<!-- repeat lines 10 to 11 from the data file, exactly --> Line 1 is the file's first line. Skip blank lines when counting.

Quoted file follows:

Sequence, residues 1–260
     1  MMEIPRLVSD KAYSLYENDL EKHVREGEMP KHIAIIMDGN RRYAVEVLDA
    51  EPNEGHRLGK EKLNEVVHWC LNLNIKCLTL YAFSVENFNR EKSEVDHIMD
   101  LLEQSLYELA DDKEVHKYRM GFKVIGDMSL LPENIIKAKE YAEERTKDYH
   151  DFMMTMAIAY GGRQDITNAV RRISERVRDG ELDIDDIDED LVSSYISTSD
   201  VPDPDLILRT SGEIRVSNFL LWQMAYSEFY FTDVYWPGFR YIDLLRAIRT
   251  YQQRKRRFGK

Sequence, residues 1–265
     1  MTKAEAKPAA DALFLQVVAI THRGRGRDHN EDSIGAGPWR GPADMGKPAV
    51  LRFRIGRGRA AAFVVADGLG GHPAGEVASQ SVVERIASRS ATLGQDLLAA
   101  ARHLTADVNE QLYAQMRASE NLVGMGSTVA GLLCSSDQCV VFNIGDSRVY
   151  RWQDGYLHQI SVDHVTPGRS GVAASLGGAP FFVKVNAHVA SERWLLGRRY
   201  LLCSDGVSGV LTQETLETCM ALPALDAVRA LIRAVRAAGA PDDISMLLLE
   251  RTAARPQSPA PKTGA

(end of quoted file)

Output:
    51  LRFRIGRGRA AAFVVADGLG GHPAGEVASQ SVVERIASRS ATLGQDLLAA
   101  ARHLTADVNE QLYAQMRASE NLVGMGSTVA GLLCSSDQCV VFNIGDSRVY